Dear Mr. President, let this be the last Mother's Day that a child has to wonder ....

Dear Mr. President,

     Last week I said I'd be writing you each week as part of my weekly 48 hour fast for immigration reform and a stop to the deportations. As I enter the final 6th of this week's fast for immigration reform I offer these reflections. I thought it would get easier each week. It has not. It is taking an increasingly larger amount of mental effort to go without food for two days and keep focused on what is good and right in the world. I cherish that reflection because it invites me to think of what it takes to work day in and out for months and years to have your child returned to your arms after they were sent back to a country they never knew, to stop worrying that an unjust and abusive system of immigration 'control' won't rip away a piece of your family each day and night, to suffer abuses in workplaces, homes and other settings because you cannot risk reporting, to show up with energy and love and engage in justice seeking work because you know it is the only way forward for our species.
     So, yeah it's harder this day but it is this one small piece I can do this day as we continue to press upon our representatives to move the vote forward, continue to raise awareness among our own family and friends and communities of connection, as we continue to write and call our leaders and say 'stop the deportations of people who are important pieces of who we are, together, in this beautiful fabric of humanity and fix our immigration system now.'

     Mr. President, I'm heading off now to lead a sleepover at my Unitarian Universalist Church. There, children and youth will make Mother's Day presents, enjoy playing games and even play hide and seek in the sanctuary. They will have a great time and so will I. In the morning they will greet their mothers with breakfast goodies and then we'll enjoy a Sunday worship service in which we are dedicating children and babies. We'll remind them of how important they are and how wonderful they are, exactly as they are! It will be joyous but on the inside, a slice of me will be weeping. I will weep for the many Mothers who will be in pain.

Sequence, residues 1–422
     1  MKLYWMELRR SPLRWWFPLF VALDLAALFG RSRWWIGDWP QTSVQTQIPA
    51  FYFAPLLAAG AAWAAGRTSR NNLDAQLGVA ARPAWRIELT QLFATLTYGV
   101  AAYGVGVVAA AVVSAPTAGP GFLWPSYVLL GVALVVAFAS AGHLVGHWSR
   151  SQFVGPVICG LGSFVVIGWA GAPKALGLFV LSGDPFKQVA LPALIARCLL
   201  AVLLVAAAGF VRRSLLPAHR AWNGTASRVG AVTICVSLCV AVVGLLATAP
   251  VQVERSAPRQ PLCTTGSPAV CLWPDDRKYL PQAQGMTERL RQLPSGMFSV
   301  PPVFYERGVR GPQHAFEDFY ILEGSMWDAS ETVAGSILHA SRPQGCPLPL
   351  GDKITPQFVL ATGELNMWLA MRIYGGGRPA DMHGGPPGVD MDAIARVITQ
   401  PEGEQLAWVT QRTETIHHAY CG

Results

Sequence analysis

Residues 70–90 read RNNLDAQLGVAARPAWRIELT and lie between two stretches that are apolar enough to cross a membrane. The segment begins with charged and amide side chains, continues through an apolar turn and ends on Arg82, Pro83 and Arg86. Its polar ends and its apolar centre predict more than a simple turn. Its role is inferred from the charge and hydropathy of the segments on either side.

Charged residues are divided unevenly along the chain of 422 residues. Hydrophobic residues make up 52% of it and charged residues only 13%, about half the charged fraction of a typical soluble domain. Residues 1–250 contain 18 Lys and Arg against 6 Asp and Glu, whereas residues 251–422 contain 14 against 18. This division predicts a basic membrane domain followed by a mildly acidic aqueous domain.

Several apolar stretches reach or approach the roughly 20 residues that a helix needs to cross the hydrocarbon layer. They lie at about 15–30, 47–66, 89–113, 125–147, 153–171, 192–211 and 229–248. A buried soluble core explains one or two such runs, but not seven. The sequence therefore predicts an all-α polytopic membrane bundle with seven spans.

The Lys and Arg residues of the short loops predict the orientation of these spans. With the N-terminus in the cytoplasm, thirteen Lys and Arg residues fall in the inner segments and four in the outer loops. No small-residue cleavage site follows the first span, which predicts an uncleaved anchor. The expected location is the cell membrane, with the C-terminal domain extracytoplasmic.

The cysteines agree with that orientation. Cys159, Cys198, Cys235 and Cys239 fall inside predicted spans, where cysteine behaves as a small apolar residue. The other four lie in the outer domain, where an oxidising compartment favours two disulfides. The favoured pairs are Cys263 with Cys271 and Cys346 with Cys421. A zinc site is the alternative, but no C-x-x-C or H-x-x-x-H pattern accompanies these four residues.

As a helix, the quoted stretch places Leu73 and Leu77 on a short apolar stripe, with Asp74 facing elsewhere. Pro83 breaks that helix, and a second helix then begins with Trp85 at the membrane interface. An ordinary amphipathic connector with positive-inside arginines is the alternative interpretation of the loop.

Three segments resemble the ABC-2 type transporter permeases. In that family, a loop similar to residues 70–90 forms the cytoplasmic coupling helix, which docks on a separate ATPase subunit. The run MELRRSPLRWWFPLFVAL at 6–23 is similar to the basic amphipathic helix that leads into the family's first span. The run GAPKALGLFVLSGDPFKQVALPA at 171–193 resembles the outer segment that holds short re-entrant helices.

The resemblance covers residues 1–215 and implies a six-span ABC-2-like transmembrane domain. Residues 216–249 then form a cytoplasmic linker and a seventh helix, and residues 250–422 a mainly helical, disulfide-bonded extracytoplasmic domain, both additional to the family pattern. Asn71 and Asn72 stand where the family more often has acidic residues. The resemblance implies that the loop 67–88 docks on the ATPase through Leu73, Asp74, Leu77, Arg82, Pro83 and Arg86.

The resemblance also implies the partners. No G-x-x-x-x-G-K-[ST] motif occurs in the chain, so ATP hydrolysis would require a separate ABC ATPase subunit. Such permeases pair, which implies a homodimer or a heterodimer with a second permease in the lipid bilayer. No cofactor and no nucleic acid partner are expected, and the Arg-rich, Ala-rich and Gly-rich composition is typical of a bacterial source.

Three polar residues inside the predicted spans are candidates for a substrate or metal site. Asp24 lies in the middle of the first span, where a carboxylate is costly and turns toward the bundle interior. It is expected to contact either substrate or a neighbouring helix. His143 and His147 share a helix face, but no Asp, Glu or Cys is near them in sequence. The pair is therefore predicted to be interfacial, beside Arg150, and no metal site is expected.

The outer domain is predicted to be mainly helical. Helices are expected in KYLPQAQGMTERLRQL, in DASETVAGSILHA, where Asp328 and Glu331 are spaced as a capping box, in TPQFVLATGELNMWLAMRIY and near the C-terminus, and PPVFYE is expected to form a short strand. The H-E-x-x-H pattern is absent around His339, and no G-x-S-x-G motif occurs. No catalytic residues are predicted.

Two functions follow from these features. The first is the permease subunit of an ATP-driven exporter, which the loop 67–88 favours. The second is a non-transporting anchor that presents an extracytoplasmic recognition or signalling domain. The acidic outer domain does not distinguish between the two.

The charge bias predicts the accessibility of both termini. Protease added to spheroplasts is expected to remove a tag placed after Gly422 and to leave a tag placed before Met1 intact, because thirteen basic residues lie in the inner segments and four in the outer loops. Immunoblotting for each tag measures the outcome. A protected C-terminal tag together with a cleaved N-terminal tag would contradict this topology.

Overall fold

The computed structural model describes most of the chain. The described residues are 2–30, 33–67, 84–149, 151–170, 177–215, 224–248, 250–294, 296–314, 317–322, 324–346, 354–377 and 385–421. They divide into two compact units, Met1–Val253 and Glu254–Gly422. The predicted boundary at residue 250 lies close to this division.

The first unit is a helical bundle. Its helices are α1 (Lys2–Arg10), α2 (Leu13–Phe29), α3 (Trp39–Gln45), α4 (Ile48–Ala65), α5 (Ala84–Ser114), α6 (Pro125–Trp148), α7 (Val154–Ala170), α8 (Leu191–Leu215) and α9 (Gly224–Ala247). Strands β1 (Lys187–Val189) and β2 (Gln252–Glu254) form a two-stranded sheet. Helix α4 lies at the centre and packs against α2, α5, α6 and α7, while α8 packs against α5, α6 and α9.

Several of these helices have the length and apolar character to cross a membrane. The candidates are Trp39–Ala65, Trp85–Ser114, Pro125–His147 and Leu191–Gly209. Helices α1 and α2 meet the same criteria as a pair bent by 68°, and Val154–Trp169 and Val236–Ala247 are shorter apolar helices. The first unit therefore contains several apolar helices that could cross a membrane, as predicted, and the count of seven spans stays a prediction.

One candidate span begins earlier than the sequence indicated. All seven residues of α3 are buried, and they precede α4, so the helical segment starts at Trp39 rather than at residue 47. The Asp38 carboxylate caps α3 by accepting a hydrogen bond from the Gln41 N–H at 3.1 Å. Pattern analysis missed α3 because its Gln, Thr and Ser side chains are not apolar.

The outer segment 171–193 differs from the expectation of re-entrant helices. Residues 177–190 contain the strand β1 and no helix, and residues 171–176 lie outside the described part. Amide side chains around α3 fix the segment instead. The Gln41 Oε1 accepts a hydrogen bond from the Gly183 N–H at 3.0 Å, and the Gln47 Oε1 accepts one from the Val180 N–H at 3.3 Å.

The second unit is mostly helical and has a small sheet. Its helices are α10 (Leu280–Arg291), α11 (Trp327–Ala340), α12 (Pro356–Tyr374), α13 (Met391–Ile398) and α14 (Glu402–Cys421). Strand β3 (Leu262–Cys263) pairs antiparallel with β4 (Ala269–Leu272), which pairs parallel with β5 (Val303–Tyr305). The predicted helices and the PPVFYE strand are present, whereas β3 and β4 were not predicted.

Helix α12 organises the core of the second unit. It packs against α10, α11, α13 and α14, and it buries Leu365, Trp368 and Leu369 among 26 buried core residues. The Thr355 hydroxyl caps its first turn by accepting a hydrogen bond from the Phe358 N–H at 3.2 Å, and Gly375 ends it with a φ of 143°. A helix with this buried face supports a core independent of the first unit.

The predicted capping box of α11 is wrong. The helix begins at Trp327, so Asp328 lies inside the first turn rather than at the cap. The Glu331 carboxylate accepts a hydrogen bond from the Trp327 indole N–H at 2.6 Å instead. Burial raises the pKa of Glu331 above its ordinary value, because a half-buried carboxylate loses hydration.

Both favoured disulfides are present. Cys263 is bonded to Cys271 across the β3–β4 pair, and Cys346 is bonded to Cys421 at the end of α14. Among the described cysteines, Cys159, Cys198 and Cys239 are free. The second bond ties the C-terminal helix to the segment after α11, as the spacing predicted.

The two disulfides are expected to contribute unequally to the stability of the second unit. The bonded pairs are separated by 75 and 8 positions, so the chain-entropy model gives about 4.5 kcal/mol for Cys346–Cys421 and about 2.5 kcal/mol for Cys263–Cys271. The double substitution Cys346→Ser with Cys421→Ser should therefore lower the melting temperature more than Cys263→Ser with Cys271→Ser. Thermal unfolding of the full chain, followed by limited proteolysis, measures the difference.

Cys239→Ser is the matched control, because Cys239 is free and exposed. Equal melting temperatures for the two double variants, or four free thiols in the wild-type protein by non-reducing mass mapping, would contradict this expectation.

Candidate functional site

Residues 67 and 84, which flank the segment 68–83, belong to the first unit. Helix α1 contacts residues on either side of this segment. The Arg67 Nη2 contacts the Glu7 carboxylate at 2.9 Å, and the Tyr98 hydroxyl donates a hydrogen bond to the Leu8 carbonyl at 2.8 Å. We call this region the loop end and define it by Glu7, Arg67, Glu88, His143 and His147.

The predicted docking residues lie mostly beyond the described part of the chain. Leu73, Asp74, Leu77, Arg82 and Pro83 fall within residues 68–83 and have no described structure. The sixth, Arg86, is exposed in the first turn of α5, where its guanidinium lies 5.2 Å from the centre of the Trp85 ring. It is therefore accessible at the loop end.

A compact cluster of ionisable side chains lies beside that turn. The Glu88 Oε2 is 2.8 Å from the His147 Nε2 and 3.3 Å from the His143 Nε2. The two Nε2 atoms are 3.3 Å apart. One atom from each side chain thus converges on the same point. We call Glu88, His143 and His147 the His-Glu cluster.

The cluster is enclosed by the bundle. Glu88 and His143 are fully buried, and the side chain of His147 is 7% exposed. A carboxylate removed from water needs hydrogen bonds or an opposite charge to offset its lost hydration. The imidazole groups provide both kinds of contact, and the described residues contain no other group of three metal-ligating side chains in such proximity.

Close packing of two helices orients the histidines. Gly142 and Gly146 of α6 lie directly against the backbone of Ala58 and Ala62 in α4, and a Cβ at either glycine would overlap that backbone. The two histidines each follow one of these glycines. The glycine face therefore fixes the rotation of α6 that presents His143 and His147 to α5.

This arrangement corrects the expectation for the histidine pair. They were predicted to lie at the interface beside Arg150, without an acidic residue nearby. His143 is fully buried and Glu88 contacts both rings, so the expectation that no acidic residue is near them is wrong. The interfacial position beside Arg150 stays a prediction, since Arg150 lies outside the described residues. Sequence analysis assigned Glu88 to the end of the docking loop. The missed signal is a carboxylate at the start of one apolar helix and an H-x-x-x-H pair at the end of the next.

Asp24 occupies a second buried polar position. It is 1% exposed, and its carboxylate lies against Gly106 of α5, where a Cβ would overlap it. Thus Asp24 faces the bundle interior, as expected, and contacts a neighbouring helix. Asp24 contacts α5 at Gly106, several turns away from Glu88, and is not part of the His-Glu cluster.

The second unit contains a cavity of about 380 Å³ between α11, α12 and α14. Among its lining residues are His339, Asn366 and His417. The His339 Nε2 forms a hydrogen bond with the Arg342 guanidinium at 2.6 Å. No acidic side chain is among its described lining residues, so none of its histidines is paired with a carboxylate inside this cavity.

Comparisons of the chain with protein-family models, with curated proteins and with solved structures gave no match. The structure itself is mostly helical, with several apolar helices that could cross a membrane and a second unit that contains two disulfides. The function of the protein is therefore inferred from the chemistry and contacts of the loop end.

Please let this be the last Mother's Day in which children wonder ‘Will my mother be taken today?’ 

Yours on the journey, Rev. Wendy von Zirpolo

Saturday, May 3, 2014

Dear Mr. President ~

Dear Mr. President,
I hope this finds you well. You  have brought so much integrity, hope and vision into the White House. Thank you.
I’m writing today with an empty stomach and heavy heart. April 7th I joined 104 women in the We Belong Together fast and am continuing to fast 48 hours each week. During my fast I am working to raise awareness and act toward the end no child goes to bed worried a knock on door might rip away a parent or send a sibling away. This week I used social media to debunk 24 myths about immigrants and now I am writing to you. I’ll be writing weekly until immigration reform passes and the deportations of non-violent undocumented immigrants stops.

Mr. President, I have been to jail twice for this cause because there is a higher law to which we are called. The law of our collective soul, some call God. The law that cherishes all creation's children and insists each of are due respect, safety, justice and love. 

 Now, I forgo food because there is a greater sacrifice being paid by children each day. I appreciate your efforts but more must be done. Here in the country we love and share, this is the greatest human rights issue of our time and we are stained.

I recall the autobiography of Anne Moody, an African American woman who grew up in the midst of the battle for civil rights in Mississippi. A story she told mirrors what is happening today in the name of border patrol and protection against immigrants.  She tells of a young man being yanked from a gathering, dragged by police, not resisting arrest but unable to stand because of how he was dragged. He was beaten by officers and taken away, bloodied.  I can tell you first hand that this kind of violence is taking place today and in the name of “immigrant control.’ I have been in its presence in an Arizona jail. And I have born witness to many more stories. This, nearly half a century since the horrific instances of racism were brought to a country finally willing to see, to own and to correct such horrific human rights abuses.

In Anne's accounting, two white men sat watching in a car, unwilling to participate.  Silent. 

Mr. President, the fact that deportations are occurring in record numbers and that immigration reform is stalled feels like silence. Please use your power. Speak so loudly that every child fearing that this day their family will be torn apart hears your voice.

Respectfully yours ~ Rev. Wendy von Zirpolo

Sunday, April 20, 2014

I Woke Up ~